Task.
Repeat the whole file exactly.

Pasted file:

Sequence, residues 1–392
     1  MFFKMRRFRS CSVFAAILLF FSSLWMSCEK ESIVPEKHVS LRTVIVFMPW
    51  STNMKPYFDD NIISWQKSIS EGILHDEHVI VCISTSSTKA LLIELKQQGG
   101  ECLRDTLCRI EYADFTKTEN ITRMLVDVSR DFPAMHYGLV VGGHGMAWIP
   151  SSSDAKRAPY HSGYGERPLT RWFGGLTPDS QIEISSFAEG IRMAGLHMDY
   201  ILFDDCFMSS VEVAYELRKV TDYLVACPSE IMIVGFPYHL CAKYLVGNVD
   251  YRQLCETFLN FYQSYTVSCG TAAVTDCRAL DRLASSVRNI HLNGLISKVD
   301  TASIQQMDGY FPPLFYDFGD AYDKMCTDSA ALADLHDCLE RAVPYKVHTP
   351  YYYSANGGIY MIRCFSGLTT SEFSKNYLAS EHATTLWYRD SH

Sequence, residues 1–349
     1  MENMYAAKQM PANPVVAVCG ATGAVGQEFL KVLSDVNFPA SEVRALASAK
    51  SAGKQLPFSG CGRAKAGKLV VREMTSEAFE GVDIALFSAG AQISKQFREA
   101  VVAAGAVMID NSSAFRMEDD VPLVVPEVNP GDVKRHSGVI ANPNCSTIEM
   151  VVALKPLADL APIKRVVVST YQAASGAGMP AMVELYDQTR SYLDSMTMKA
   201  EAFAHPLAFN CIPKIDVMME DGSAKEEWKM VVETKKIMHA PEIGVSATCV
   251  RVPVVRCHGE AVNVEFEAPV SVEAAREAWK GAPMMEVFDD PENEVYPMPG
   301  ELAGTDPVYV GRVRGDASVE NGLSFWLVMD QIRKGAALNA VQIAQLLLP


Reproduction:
Sequence, residues 1–392
     1  MFFKMRRFRS CSVFAAILLF FSSLWMSCEK ESIVPEKHVS LRTVIVFMPW
    51  STNMKPYFDD NIISWQKSIS EGILHDEHVI VCISTSSTKA LLIELKQQGG
   101  ECLRDTLCRI EYADFTKTEN ITRMLVDVSR DFPAMHYGLV VGGHGMAWIP
   151  SSSDAKRAPY HSGYGERPLT RWFGGLTPDS QIEISSFAEG IRMAGLHMDY
   201  ILFDDCFMSS VEVAYELRKV TDYLVACPSE IMIVGFPYHL CAKYLVGNVD
   251  YRQLCETFLN FYQSYTVSCG TAAVTDCRAL DRLASSVRNI HLNGLISKVD
   301  TASIQQMDGY FPPLFYDFGD AYDKMCTDSA ALADLHDCLE RAVPYKVHTP
   351  YYYSANGGIY MIRCFSGLTT SEFSKNYLAS EHATTLWYRD SH

Sequence, residues 1–349
     1  MENMYAAKQM PANPVVAVCG ATGAVGQEFL KVLSDVNFPA SEVRALASAK
    51  SAGKQLPFSG CGRAKAGKLV VREMTSEAFE GVDIALFSAG AQISKQFREA
   101  VVAAGAVMID NSSAFRMEDD VPLVVPEVNP GDVKRHSGVI ANPNCSTIEM
   151  VVALKPLADL APIKRVVVST YQAASGAGMP AMVELYDQTR SYLDSMTMKA
   201  EAFAHPLAFN CIPKIDVMME DGSAKEEWKM VVETKKIMHA PEIGVSATCV
   251  RVPVVRCHGE AVNVEFEAPV SVEAAREAWK GAPMMEVFDD PENEVYPMPG
   301  ELAGTDPVYV GRVRGDASVE NGLSFWLVMD QIRKGAALNA VQIAQLLLP